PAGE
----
Well, anyway i'm rambling.

 

Edited by superstardeejay

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Oh I certainly agree that getting the gains right throughout the system is the correct and best way to do it. But everything else I disagree with. If you want to run your amps at less that unity gain (ie less than flat out for most amps) then I'd say go ahead.

 

I never said that, not sure if you were talking about me or not.

 

I'm actually saying the amp shouldn't be up full. The mixer gains should be at 0dB and the amp volume should be set according to how loud you need it for the size of the room you're in.

 

I wouldn't worry about THD (total harmonic distortion) in your amplifier..

 

I don't need to. I set my gear up properly :D

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I've read this thread with interest, especially the technical stuff and to be honest, some of it...ok a lot of it is over my head.

But I can't recall either being told at point of sale, or reading an amp manual that says the amp never / shouldn't be up full! Perhaps it's something I've overlooked?

 

At the end of the day, if the mixer is not attenuated correctly to the amp in the first place, I'm sure a lot of damage can be done to your system regardless of how much gain you apply to you amps volume knobs!!! :D

 

Anyway, off-topic question - I don't know how much of all this applies to digital OP mixers and digital IP amps...but if there's leads going from such an amp to the speakers, it can't really be 100% digital....can it?

Anyone with experience with using the digital mixers / digital inputs and outputs?

Edited by Dukesy
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Seems to be lots of slightly differing and confusing views here.

 

The term noise is usually used to represent the total sound present when no signal is being passed and how loud this is being the noise floor. A lot of pieces of equipment specs quote a signal to noise ratio.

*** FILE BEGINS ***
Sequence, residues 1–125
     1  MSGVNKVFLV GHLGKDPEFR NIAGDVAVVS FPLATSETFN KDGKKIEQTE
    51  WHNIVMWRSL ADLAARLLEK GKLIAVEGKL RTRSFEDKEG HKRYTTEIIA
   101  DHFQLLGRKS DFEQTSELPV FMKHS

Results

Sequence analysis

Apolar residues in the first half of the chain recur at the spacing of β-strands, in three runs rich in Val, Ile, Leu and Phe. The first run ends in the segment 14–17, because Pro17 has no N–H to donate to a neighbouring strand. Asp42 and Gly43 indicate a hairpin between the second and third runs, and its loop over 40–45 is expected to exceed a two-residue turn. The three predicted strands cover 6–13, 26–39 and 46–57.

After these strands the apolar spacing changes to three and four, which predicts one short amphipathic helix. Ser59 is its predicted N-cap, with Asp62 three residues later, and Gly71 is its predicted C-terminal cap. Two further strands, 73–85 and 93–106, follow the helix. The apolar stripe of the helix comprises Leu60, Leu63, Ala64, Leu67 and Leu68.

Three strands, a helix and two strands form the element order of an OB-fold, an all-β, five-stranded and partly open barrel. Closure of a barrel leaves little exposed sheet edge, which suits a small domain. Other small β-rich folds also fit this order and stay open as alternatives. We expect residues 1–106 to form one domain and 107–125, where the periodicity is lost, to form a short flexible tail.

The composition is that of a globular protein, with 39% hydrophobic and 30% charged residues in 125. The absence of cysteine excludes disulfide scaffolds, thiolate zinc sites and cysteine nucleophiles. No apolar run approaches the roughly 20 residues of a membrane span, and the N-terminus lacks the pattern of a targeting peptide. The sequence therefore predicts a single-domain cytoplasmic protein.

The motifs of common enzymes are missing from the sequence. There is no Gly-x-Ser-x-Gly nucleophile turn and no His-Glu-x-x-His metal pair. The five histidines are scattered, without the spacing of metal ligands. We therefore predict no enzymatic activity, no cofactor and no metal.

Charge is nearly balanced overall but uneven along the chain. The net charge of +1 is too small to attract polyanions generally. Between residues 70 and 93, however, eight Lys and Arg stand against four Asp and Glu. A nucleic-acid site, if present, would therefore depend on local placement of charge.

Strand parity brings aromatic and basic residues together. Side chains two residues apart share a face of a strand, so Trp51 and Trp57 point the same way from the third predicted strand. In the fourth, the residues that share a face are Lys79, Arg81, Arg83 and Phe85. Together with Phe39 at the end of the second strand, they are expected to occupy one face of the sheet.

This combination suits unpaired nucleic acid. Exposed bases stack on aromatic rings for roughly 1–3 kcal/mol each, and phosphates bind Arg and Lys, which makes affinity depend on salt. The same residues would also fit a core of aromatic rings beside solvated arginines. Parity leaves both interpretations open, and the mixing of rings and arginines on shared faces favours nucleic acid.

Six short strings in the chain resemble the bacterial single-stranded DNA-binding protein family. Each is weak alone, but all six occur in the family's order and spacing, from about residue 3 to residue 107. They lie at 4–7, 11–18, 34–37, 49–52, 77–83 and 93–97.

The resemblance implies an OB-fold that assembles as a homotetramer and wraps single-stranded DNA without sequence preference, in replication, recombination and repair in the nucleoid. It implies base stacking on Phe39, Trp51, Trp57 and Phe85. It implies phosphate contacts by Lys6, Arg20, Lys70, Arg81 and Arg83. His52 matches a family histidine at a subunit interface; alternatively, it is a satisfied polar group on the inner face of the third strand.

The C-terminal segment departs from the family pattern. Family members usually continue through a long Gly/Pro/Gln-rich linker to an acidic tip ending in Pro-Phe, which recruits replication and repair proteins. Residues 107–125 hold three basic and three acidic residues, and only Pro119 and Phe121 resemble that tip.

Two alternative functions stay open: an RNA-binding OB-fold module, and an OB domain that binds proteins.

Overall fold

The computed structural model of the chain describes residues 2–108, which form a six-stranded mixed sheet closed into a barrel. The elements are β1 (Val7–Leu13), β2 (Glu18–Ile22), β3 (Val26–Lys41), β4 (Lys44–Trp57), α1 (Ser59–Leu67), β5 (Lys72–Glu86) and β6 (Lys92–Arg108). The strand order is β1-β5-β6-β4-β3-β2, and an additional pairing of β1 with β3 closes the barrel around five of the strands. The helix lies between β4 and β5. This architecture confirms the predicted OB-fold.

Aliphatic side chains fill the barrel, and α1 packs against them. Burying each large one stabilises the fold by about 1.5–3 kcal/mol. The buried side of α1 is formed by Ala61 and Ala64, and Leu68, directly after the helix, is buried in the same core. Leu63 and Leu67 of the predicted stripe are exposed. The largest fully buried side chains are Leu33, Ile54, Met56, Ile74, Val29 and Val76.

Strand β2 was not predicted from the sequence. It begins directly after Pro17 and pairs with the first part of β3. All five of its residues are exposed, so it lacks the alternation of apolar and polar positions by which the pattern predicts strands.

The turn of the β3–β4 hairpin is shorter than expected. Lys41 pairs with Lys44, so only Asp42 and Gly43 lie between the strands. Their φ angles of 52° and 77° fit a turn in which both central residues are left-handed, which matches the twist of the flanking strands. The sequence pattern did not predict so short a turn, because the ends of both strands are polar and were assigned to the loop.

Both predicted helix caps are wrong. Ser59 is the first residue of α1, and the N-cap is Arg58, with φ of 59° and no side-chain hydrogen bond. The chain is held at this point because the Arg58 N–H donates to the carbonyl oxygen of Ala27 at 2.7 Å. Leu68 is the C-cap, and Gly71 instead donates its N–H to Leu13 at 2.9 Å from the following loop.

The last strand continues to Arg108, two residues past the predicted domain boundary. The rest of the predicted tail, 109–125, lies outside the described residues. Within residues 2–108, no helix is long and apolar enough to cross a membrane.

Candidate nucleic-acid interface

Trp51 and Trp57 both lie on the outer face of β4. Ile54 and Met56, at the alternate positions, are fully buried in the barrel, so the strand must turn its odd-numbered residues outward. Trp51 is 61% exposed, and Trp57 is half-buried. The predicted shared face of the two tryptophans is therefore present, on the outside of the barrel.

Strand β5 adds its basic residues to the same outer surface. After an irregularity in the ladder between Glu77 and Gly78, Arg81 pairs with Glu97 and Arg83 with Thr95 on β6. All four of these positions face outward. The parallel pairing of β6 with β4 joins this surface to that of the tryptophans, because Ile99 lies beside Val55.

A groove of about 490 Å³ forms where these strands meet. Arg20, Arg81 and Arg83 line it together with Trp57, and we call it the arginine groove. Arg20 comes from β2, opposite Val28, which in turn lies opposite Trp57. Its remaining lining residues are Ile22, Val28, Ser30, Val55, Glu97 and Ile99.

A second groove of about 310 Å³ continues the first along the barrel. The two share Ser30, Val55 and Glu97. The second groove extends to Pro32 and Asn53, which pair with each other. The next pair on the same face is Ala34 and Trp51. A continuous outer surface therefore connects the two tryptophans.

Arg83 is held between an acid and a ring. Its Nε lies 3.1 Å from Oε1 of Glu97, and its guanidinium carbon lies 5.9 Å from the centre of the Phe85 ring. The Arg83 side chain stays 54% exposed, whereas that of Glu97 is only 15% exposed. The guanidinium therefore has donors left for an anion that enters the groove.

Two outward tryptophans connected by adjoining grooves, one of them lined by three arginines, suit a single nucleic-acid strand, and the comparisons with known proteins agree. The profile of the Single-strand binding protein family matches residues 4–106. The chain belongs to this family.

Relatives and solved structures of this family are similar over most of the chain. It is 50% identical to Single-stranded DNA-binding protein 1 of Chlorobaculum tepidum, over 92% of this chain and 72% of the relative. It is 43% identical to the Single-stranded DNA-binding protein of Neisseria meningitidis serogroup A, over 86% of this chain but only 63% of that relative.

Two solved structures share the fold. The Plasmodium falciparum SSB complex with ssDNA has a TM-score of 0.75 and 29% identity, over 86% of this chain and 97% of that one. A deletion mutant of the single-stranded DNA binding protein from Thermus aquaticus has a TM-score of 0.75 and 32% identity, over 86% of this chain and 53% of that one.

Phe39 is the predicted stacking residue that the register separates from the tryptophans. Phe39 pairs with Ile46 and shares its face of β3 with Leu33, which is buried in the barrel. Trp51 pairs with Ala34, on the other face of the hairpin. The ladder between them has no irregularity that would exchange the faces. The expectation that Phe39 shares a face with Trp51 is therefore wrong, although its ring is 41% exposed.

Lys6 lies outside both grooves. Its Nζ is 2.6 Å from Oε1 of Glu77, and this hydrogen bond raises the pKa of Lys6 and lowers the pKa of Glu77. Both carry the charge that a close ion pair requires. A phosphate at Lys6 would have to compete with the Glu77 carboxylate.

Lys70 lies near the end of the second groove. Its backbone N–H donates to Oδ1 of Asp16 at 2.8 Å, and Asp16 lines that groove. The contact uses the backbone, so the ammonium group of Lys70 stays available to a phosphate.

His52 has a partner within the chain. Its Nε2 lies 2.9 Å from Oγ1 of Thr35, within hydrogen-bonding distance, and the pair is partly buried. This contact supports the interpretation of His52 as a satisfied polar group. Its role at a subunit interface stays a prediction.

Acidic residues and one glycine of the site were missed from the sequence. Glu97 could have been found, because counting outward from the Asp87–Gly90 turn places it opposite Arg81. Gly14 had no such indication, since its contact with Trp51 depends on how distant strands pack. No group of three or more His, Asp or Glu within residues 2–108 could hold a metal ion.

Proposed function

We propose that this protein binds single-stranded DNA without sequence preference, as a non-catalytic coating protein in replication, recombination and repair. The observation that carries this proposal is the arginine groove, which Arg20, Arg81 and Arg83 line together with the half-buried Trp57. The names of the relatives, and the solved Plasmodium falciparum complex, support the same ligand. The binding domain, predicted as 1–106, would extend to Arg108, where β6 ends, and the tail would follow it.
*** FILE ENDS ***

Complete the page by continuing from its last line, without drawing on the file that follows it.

This is at its greatest when the music signal is highest before clipping. If you run a mixer at 50% then it makes sense that the S/N ratio is going to be lower than at 100%. How much difference this makes is debatable in modern equipment.

 

With the advent of digital equipment, resolution comes into play, and lots of system techs now try to maximize the resolution being utilized by using as much of the digital range as possible (often by running very hot into the initial A/D stage).

 

It is correct to say that you should really set gain structure where all pieces of kit are hitting 0db at the same time (esp digi kit to make best use of resolution) and that amp gains/input sensitivity are adjusted accordingly so that the amp clips at this point, however in practical terms its often safer to sacrifice some of the perfect gain structure and run the amp gains on full, in order to prevent people being able to turn it up further.

 

Modern kit tends to have very good ways of limiting the signal at most points prior to the amps, whilst leaving simple gain knobs handily available to the uninformed. Ask most general public how turn up the volume and most will point to the amp....

 

Anyway, off-topic question - I don't know how much of all this applies to digital OP mixers and digital IP amps...but if there's leads going from such an amp to the speakers, it can't really be 100% digital....can it?

 

No it can't, but the quest should be to try to minimize the number of A/D conversions that take place. If your mixer has digi outs and your crossover/EQ has digi ins then use them.

 

Imagine a relatively simple setup using mixer, EQ, crossover, amps, speakers.

 

digi to analogue from mixer

analogue to digi into the EQ

digi to analogue out of EQ

analogue to digi into crossover

digi to analogue out of crossover to amps

 

If you were using a digi mixer and say a Behringer DEQ2496 and DCX2496 you could go digital all the way until you had to go analogue into the amps.

Edited by norty303

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I never said that, not sure if you were talking about me or not.

 

I was really agreeing with Djgorey, but the gain structure being set correctly I recommend to anyone who has the knowledge to do it. But on the other hand, if you do want to run your amps with the knobs turned down, I say go ahead. The problem (as has been suggested) is when you want to run the amps harder and you try to do it by increasing mixer output over the 0db level to force the amps up higher. I think this is what people have tried to say can be problematic..in that you run the risk of distorting the mixer when running over unity gain into an attenuated amp. The answer's yes, of course, and different mixers and amps will distort more or less readily (depending on their designed-in headroom).